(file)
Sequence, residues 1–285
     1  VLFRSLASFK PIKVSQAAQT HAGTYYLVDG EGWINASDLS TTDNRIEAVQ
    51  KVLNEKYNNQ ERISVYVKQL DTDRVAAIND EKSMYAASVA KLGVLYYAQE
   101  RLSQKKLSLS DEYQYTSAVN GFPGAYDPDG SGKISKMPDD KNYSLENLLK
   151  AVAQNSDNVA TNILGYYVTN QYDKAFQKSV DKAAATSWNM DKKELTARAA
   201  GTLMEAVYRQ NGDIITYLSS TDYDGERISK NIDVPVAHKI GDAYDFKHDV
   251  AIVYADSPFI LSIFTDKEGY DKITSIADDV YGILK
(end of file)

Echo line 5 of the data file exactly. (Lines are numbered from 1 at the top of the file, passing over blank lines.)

   151  AVAQNSDNVA TNILGYYVTN QYDKAFQKSV DKAAATSWNM DKKELTARAA